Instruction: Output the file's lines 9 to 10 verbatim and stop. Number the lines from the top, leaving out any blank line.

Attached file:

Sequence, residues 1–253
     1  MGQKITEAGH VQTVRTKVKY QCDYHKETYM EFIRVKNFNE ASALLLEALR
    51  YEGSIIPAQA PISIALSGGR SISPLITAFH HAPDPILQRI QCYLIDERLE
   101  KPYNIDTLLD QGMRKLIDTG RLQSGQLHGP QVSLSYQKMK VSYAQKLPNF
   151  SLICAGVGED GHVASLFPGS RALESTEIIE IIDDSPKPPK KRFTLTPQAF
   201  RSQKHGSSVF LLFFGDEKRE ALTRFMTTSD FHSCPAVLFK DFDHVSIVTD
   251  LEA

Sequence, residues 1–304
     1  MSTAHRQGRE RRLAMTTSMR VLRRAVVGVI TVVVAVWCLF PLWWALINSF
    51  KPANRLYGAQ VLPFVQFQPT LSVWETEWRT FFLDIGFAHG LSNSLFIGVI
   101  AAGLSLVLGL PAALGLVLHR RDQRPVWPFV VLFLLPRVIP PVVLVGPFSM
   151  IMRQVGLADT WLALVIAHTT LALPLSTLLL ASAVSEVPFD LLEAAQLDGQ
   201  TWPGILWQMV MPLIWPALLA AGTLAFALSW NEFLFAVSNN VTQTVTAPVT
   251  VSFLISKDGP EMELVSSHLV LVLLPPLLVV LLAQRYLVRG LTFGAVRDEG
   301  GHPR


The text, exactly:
     1  MSTAHRQGRE RRLAMTTSMR VLRRAVVGVI TVVVAVWCLF PLWWALINSF
    51  KPANRLYGAQ VLPFVQFQPT LSVWETEWRT FFLDIGFAHG LSNSLFIGVI